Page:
Economy of Rome

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Rome is a major EU and international financial, cultural and a business centre. With a 2005 GDP of €94.376 billion (US$121.5 billion),[1] the city produces 6.7% of the national GDP (more than any other single city in Italy), and its unemployment rate, lowered from 11.1% to 6.5% between 2001 and 2005, is now one of the lowest rates of all the European Union capital cities.[1] Rome grows +4.4% annually and continues to grow at a higher rate in comparison to any other city in the rest of the country.[1] This means that were Rome a country, it would be the world's 52nd richest country by GDP, near to the size to that of Egypt. Rome also had a 2003 GDP per capita of €29,153 (US$ 37,412), which was second in Italy, (after Milan), and is more than 134.1% of the EU average GDP per capita.[2] Also, Rome hosts the head offices of the vast majority of the major Italian companies and corporations, as well as the headquarters of 3 of the world's 100 largest companies: Enel, Eni, and Telecom Italia.[3]

Rome, also hosts major international and worldwide political and cultural organizations, such as the International Fund for Agricultural Development (IFAD), World Food Programme (WFT), and the NATO Defence College. Rome is currently an beta+ world city, along with other metropoleis such as Berlin and Montreal,[4] and was ranked in the Global Cities Index as the world's 28th most important city.[5] Rome was in 2008, also ranked 15th out of all the cities of the world for global importance, mainly for cultural experience.[6]

History[edit]

Night view of the Trajan's Market which was built by Apollodorus of Damascus

Ancient Rome commanded a vast area of land, with tremendous natural and human resources. As such, Rome's economy remained focused on farming and trade. Agricultural free trade changed the Italian landscape, and by the 1st century BC, vast grape and olive estates had supplanted the yeoman farmers, who were unable to match the imported grain price. The annexation of Egypt, Sicily and Tunisia in North Africa provided a continuous supply of grains. In turn, olive oil and wine were Italy's main exports. Two-tier crop rotation was practiced, but farm productivity was overall low, around 1 ton per hectare.

Some economists like Peter Temin consider the Roman Empire a market economy, similar in its degree of capitalistic practices to 17th century Netherlands and 18th century England.[7]

After the Decline of the Roman Empire, Rome fell into decay, with its ex-economic and political power passing on to other cities, such as Milan, Florence, Venice and Palermo.[8] Even though Rome still had the powerful pope, the city ceased to be a major centre for commerce, trade and finance.[8]

The Roman economy, however, boomed in the 16th and 17th centuries, especially when the Medici popes Leo X and Clement VII were in power.[9] The renaissance transformed Rome into a city of the arts, culture, politics, banking, commerce and trade, especially when the Florentine merchants involved in papal affairs, yielded huge profits.[9]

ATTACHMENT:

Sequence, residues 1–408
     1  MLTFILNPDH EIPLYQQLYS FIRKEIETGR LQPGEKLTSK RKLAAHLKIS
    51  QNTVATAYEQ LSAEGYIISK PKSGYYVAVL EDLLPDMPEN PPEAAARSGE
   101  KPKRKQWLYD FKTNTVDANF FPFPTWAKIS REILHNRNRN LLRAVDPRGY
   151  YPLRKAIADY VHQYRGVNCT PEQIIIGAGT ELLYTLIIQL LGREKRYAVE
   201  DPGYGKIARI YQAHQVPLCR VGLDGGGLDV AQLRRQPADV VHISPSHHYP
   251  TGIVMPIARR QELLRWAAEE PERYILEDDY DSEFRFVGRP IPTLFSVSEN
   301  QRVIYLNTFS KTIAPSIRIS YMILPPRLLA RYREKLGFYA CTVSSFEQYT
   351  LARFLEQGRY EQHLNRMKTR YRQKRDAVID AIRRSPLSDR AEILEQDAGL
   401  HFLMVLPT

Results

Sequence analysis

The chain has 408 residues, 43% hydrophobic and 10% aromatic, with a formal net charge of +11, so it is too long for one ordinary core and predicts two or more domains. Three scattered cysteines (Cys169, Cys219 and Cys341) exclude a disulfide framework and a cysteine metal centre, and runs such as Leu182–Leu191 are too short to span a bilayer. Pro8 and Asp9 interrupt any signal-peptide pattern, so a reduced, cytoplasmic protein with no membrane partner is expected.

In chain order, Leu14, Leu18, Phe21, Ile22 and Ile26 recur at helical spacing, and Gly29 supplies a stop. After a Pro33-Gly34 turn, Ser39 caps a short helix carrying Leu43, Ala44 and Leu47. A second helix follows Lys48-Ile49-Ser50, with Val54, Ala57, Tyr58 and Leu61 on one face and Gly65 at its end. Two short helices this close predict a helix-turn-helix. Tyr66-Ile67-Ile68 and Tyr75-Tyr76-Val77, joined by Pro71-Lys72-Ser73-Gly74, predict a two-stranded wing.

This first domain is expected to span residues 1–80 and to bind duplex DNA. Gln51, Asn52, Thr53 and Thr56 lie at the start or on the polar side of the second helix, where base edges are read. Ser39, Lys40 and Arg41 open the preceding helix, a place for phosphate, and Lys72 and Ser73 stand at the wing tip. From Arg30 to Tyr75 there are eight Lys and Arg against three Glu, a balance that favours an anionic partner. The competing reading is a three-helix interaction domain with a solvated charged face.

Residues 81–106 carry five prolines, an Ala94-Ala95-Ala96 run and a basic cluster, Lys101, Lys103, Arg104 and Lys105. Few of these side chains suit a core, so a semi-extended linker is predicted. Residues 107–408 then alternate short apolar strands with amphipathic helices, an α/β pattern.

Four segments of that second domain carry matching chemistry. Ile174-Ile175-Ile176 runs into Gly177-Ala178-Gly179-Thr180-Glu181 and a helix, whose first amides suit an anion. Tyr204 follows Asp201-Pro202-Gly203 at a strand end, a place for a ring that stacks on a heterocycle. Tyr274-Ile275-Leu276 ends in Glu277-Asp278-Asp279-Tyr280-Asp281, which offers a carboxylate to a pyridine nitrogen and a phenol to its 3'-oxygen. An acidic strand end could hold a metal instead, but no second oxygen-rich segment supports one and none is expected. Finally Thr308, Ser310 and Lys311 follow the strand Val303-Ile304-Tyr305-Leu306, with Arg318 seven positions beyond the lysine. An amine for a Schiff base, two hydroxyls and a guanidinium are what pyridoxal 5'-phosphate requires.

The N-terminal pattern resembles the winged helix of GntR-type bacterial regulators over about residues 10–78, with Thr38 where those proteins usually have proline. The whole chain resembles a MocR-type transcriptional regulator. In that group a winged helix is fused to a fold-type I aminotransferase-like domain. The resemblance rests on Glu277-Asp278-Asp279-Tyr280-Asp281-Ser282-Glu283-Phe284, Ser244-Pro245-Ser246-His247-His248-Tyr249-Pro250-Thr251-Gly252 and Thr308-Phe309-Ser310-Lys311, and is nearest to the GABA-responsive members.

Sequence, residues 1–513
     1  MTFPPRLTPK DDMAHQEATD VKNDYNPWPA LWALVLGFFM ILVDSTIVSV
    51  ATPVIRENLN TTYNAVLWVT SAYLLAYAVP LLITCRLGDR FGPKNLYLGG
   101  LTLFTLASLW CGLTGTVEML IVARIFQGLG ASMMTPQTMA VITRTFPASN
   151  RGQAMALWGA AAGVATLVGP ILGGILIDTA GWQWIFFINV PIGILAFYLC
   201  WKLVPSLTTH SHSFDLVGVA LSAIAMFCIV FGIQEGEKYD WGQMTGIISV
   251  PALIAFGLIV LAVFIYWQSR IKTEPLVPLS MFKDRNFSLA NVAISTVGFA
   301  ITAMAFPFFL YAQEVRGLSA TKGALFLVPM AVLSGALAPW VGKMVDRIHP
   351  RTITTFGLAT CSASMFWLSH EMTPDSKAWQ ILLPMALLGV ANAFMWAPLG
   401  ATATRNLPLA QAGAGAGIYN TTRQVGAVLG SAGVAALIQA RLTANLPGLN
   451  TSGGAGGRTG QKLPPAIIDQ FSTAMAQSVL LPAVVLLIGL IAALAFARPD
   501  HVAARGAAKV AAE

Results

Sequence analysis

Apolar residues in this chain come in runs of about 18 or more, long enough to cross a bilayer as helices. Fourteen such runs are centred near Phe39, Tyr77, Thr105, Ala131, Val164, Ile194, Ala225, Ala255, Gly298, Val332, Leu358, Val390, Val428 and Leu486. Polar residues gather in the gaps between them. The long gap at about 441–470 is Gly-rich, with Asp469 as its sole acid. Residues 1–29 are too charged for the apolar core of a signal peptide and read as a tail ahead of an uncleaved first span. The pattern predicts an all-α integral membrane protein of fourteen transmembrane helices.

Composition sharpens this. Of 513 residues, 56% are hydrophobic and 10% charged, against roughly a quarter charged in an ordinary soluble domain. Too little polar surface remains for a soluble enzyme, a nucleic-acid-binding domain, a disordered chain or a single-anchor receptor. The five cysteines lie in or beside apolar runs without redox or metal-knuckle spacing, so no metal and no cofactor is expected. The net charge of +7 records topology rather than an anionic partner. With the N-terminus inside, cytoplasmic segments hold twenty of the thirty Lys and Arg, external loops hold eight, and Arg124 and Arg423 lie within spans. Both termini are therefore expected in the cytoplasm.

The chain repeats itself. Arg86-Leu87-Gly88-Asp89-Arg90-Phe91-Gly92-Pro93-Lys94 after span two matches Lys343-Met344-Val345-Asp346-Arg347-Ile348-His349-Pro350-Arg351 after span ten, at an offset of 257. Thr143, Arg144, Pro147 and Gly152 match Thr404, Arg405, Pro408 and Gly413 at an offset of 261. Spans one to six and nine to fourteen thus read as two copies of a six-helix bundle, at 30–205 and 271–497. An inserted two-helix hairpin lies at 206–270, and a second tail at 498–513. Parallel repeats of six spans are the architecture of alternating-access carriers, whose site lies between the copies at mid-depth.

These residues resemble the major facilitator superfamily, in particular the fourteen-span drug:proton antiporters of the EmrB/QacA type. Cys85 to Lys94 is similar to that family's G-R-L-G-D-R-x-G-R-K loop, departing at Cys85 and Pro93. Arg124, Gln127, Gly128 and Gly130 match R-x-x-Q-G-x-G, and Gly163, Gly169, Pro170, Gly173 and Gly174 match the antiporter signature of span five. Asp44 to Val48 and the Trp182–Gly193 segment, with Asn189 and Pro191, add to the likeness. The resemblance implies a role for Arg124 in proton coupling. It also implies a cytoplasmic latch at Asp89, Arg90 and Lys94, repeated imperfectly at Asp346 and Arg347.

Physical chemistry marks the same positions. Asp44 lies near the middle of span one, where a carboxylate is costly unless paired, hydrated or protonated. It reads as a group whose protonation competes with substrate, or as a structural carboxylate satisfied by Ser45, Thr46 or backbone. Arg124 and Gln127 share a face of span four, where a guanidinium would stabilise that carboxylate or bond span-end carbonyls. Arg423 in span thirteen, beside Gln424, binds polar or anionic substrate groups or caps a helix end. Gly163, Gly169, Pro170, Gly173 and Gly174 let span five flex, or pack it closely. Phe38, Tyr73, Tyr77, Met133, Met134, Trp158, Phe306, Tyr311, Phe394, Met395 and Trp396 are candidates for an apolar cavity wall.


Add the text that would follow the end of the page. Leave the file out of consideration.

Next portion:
Rome grew momentously after the war, as one of the driving forces behind the "Italian economic miracle" of post-war reconstruction and modernisation. It became a fashionable city in the 1950s and early 1960s, the years of la dolce vita ("the sweet life"), with popular classic films such as Ben Hur, Quo Vadis, Roman Holiday and La Dolce Vita,[10] being filmed in the city's iconic Cinecittà Studios. A new rising trend in population continued until the mid-1980s, when the commune had more than 2,800,000 residents; after that, population started to slowly decline as more residents moved to nearby suburbs.

Sectors[edit]

Tourism[edit]

Main article: Tourism in Rome
The Vatican Museums are the world's 37th most visited tourist destination, with over 4.2 million tourists a year.[11]

Rome today is one of the most important tourist destinations of the world, due to the incalculable immensity of its archaeological and artistic treasures, as well as for the charm of its unique traditions, the beauty of its panoramic views, and the majesty of its magnificent "villas" (parks). Among the most significant resources: plenty of museums - (Musei Capitolini, the Vatican Museums, Galleria Borghese, and a great many others) — aqueducts, fountains, churches, palaces, historical buildings, the monuments and ruins of the Roman Forum, and the Catacombs. Rome is the 3rd most visited city in the EU, after London and Paris, and receives an average of 7-10 million tourists a year, which sometimes doubles on holy years. The Colosseum (4 million tourists) and the Vatican Museums (4.2 million tourists) are the 39th and 37th (respectively) most visited places in the world, according to a recent study.[11] In 2005 the city registered 19.5 million of global visitors, up of 22.1% from 2001.[1] In 2006 Rome has been visited by 6.03 million of international tourists, reaching the 8th place in the ranking of the world's 150 most visited cities.[12]